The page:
Enjoy our pictures of Caballito! We’re making an effort to explore some of the less well-charted areas of Buenos Aires… if there are other great neighborhoods which not many tourists get to see, let us know!

Ducks
Stone Beast
Bird Argentina
Bird Collection
Flamingo
Insect Collection
See Stern
Skull
Blubber Beast
Simon Bolivar Buenos Aires
Lady and Sons
Beer Snack
Qiulmes
Market Buenos Aires
Malinesas
Market Caballito
Tracks Buenos Aires
Yellow Tram
Old Tram Buenos Aires
Tourist Tramway
Tramway Argentina
Tramway
Tramway Historico
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April 11, 2011 at 7:55 pm Comments (4)

Tour of the Casa Rosada

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Buenos Aires Day by Day

The US might have the White House, but Argentina has the Pink House. The Casa Rosada at the eastern extreme of the Plaza de Mayo is the seat of the country’s government, where the President and her staff work. On weekends, you can tour the building for free.

Casa Rosada

Unlike America’s White House, the President doesn’t live inside the Casa Rosada. But very much like America’s Jennifer Lopez, the building is most frequently photographed from behind. The front of the Casa Rosada faces towards Parque Colón, and people taking pictures from the Plaza de Mayo are actually admiring its boomin’ rear facade. The back balcony is where Eva Peron delivered her famous speeches.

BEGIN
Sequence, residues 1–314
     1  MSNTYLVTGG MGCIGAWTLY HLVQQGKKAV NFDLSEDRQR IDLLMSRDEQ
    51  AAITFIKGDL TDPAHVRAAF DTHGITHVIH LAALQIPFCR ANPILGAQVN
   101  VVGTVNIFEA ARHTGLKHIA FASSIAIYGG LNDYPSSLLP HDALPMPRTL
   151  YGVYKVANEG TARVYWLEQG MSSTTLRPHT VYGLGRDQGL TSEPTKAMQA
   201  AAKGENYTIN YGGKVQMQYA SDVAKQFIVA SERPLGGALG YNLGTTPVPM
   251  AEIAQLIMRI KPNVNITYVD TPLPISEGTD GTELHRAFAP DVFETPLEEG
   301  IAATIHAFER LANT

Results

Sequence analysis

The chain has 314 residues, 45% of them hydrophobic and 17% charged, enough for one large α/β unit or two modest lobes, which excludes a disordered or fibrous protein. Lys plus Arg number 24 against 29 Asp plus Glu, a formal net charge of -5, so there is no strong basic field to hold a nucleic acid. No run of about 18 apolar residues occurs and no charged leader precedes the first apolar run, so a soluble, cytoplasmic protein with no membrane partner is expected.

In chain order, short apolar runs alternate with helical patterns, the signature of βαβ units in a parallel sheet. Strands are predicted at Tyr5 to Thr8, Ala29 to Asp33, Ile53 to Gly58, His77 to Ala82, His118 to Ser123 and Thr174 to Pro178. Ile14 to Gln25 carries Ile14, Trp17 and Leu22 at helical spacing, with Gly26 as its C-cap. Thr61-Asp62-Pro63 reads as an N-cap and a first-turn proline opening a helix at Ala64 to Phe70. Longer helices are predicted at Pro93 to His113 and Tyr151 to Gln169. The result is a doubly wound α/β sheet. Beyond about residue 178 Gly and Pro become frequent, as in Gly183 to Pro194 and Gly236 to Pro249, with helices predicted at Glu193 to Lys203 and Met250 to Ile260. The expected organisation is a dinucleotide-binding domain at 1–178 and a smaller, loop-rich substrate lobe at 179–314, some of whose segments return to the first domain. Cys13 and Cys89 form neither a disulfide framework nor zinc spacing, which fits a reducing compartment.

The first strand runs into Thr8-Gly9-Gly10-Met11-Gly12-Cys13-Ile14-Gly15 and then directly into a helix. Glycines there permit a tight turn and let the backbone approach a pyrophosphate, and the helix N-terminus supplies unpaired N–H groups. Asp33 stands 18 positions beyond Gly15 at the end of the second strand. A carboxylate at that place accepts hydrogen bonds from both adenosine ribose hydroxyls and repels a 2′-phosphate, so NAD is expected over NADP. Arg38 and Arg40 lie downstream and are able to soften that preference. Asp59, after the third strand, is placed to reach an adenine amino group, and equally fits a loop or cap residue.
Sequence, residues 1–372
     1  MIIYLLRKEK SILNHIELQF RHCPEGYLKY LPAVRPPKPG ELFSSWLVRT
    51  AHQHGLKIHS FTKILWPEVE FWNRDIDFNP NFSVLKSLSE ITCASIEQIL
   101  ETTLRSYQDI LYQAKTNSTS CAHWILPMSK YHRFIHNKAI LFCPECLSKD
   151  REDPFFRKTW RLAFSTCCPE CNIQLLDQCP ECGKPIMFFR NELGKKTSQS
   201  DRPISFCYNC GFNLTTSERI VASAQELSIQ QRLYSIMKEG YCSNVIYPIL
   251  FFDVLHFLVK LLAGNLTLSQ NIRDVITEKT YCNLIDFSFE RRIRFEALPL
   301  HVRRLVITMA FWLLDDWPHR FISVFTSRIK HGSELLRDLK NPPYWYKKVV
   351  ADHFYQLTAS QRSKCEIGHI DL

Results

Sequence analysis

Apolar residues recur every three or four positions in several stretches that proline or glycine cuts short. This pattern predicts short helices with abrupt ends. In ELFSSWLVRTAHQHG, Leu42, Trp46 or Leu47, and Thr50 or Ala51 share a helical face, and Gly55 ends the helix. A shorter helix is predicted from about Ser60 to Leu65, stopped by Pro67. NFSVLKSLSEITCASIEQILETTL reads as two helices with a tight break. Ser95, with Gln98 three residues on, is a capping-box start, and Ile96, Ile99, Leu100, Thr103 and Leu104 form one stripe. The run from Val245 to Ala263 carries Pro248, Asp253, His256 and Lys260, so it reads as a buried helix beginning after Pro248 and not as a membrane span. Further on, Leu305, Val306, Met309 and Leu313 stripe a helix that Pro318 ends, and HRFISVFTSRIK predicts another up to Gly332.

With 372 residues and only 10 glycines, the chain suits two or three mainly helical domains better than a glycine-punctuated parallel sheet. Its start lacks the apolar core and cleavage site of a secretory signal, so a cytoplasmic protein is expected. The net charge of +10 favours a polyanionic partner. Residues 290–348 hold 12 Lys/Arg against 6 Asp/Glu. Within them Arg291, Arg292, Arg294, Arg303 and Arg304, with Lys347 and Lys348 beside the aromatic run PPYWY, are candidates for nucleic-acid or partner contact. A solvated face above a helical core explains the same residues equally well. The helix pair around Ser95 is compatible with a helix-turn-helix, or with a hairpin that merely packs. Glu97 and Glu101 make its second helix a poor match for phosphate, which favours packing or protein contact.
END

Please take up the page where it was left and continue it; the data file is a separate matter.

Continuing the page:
Evita’s presence still looms large over the Casa Rosada, which is more correctly known as the Casa del Gobierno. Along with a huge group of about 60, mostly Argentinians, we were led the premises around by a decoratively outfitted soldier. There was a gallery of important South American leaders, a gorgeous courtyard with a fountain, classic artwork on the walls and stunning interior architecture. We were able to get out onto the balcony, and look out over the Plaza just as Evita once did. I’ll give you one guess what song I was humming. We were even allowed entrance into the President’s office.

The house’s strange color has a poetic meaning of its own. Pink was chosen as a way to soothe relations between rival political parties, by symbolically mixing their colors: red and white. It looks beautiful, particularly at dusk. The Casa Rosada has been the heart of Argentine politics since the country’s founding.

Casa Rosada on our Buenos Aires Map

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Argentina Flag
Rosada
Rosada Casa
Pink Tunnel
Pink House
Evita Balcony
Casa Rosada Free Tour
Casa Rosada Stairs
Eva Peron
Peron
Casa Rosada
Casa Rosada Fontan
Guard Argentina
Rosada Guard
Tiles and Glass Buenos Aires
Garden Casa Rosada
Gaucho
Casa Buenos Aires
Buenos Aires Tour
Golden Argentina
Evita Waiting Room
Pink Balcony
Buenos Aires
Plaza Mayo
Antiques
Golden Room
Guard
Symbol Argentina
Politics Argentina
Chairs Argentina
Buenos Aires Lion
Argentina Architecture
Argentina President
Naked Silver
Fancy Bust
Argentina Sun

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February 19, 2011 at 3:41 pm Comments (3)
Palacio Paz - A Private Home Fit for Kings
For 91 Days